The present Falls Church historic building was built after the division of Truro Parish and Fairfax Parish, in 1769 - which would mean it was built in Fairfax Parish, not even Truro Parish (there was an even older Falls Church building that would have been built when the area was called Truro Parish but it's long gone). Christ Church Alexandria apparently wasn't founded until the late 1770s when The Falls Church was in Fairfax Parish, not Truro Parish. It just doesn't make any sense.

Fairfax Parish and Truro Parish eventually became Fairfax County, which is what it is today and Christ Church, Falls Church, Pohick Church, and yes, even Truro Church are all in Fairfax County.

If Christ Church Alexandria is the owner of an entire county that is news, big news.

But perhaps it's not The Falls Church, but Pohick that should be worried. Pohick remained in Truro Parish after the division (though there was a fight about that too). That church suffered a lot during the Civil War as well. No wonder there were rumors all over the diocese that the Diocese of Virginia was seeking out Pohick's deeds too.

Perhaps Pohick should start sending their bills to Christ Church and then lock their doors before the Diocese comes a-knockin'.


Bernie Barfoot said...

Even if Christ Church's ownership claim were valid, it seems to me that The Falls Church could claim ownership of the disputed land under the legal principle of adverse possession. This would not work, however, if Christ Church could prove that it had given The Falls Church permission to use the land.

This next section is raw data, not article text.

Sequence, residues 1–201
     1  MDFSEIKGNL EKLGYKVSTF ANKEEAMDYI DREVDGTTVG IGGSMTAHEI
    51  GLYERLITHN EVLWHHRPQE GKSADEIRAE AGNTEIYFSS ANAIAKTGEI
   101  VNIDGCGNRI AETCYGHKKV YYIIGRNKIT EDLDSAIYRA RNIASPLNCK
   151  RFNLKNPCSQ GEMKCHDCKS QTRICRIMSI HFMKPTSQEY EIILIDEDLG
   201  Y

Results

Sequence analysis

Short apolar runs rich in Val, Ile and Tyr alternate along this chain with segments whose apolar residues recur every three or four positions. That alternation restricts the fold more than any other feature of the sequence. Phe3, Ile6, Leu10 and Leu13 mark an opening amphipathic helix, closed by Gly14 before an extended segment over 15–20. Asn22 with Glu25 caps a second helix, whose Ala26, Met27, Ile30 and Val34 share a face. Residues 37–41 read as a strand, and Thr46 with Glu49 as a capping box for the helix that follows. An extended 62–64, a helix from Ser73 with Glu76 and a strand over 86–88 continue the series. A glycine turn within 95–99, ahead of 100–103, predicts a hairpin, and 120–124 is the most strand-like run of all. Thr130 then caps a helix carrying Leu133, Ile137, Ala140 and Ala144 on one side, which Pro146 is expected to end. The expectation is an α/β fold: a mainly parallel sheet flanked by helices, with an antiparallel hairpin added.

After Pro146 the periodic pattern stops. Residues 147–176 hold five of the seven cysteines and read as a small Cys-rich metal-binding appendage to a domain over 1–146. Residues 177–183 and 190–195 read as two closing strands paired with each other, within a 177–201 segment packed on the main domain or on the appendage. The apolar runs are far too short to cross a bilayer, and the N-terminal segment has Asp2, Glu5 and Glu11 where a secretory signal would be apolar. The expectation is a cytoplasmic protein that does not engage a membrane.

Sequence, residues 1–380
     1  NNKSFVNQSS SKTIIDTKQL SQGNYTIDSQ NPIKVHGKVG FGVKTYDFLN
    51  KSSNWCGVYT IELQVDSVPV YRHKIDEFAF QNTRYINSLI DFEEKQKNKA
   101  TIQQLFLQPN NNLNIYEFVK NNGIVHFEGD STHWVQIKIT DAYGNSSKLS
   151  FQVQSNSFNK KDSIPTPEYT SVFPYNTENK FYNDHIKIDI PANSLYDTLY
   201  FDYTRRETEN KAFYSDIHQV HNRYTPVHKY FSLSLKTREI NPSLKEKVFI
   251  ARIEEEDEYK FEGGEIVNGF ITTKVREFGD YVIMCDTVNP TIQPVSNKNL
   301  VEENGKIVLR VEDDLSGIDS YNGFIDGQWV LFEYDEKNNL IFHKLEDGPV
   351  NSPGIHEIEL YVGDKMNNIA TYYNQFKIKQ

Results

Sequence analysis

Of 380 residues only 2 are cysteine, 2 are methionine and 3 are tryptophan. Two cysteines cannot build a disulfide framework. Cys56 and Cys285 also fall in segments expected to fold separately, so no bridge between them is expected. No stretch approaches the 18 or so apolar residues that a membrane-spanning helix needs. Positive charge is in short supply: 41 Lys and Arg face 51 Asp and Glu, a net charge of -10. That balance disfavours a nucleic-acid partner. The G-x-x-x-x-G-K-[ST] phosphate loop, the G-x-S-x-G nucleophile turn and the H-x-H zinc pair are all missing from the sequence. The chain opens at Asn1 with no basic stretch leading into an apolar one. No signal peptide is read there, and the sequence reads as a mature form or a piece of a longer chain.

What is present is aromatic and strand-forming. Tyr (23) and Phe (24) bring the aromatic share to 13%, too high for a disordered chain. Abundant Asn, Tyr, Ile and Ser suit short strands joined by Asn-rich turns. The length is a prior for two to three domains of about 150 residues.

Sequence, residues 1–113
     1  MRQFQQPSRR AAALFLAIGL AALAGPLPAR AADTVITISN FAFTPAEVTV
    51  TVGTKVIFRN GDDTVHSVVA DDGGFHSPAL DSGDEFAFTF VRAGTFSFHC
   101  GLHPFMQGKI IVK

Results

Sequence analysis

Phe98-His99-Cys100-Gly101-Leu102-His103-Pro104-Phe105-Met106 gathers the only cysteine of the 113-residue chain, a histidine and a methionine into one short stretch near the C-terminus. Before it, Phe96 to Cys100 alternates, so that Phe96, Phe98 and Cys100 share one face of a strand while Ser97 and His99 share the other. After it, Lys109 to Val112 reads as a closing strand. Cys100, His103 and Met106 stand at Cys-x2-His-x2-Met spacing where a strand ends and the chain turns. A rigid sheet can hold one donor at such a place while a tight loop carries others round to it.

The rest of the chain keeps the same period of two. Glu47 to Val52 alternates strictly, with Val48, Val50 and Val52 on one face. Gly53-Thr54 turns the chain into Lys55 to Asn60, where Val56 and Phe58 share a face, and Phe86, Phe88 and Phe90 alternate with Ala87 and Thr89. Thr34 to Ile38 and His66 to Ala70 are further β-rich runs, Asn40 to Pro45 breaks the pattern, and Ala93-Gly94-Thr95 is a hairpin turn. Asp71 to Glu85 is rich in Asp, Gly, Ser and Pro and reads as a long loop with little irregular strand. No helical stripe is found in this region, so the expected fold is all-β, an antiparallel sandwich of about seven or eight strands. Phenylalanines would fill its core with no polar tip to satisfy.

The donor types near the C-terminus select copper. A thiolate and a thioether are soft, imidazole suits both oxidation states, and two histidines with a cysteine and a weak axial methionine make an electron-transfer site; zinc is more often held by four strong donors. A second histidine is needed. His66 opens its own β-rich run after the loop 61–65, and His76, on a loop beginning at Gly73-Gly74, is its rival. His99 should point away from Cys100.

Andy said...

It would appear that 815 is now aware of their tenuous situation and has opted to mount a "hanging chad style" offensive. This is truly tragic.

I have to wonder in the midst of this all; if Dante penned his Commedia Divina in 2008, on which circle would the PB and Mr. Booth-Beers be found?

Take Heart ADV

Anonymous said...

FWIW, based on no inside knowledge, I'm guessing 815 lawyers are relying on help from historian Joan Gunderson and/or her writings. I believe JG is also active in Pittsburgh on the reappraiser side.

I remember bb writing several posts regarding arguments in this article by JG on VA church history a few years back when reappraisers originally used JG's writing to dispute ownership of historic VA parishes. I believe JG and Mark McCall have also recently argued related issues back and forth, although MM looks from legal expertise and JG from historical perspective.

If this were purely an academic exercise, or a novel of intrigue and politics (rumors in the diocese...VA church vestrymen's portraits overlooking the court room, etc.), it probably would be interesting, but unfortunately, there are flesh and blood members of the Body of Christ involved. May the Lord bless and protect His people, and may His spirit bring unity and discernment. I appreciate your perspective bb, and also pray for God's comfort, peace and wisdom for you personally.


Pageantmaster said...

Another Cain and Abel situation.

Prayers for all in the Falls and Alexandria

Pat Kashtock said...

Wow -- this is totally crazy. The people of Christ Church have my sympathy. None for their vestry, though. High-handedness is not right.

"Parish" is an odd word. Here in VA I came to know it as interchangeable with "church." But when I went to Louisiana to help after Katrina, what we call counties are called parishes, like St. Bernard Parish that took so much damage. Took a bit of getting used to.

Pat Kashtock
Take It for What It's Worth